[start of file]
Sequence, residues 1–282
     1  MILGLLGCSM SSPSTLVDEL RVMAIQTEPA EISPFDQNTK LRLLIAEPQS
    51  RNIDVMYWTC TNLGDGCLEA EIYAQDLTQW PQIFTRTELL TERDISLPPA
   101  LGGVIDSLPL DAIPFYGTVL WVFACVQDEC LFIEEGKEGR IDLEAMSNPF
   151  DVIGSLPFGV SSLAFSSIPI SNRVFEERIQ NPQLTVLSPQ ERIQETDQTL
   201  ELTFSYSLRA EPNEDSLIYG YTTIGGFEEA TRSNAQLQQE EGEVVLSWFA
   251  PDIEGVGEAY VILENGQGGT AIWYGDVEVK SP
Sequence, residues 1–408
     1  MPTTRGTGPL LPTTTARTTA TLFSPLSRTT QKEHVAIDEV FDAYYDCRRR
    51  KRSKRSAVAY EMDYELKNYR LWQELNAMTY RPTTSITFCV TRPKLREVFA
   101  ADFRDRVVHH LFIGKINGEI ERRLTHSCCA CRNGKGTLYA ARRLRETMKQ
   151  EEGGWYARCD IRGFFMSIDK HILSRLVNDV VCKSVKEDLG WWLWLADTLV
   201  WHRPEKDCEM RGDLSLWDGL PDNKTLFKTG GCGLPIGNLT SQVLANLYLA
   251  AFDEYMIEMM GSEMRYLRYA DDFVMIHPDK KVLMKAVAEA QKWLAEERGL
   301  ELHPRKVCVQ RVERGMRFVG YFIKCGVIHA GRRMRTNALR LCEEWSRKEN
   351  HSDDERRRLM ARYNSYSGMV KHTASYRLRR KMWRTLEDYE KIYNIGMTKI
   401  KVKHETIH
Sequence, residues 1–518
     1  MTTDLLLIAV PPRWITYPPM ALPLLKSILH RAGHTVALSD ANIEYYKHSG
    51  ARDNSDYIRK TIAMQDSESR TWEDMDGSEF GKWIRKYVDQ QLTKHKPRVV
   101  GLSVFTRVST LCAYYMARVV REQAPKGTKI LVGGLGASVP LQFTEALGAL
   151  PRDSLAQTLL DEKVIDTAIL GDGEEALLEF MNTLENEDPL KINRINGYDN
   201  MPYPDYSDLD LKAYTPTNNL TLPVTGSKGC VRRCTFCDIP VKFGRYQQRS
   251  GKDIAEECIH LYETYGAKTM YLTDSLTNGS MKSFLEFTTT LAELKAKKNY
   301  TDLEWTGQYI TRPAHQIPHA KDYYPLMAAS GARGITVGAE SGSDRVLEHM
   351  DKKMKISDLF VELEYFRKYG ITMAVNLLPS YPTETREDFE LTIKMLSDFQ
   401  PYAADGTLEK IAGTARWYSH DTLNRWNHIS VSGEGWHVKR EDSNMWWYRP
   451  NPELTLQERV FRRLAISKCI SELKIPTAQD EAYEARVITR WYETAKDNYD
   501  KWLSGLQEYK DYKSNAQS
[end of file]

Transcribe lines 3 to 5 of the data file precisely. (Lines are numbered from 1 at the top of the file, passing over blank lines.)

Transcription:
    51  RNIDVMYWTC TNLGDGCLEA EIYAQDLTQW PQIFTRTELL TERDISLPPA
   101  LGGVIDSLPL DAIPFYGTVL WVFACVQDEC LFIEEGKEGR IDLEAMSNPF
   151  DVIGSLPFGV SSLAFSSIPI SNRVFEERIQ NPQLTVLSPQ ERIQETDQTL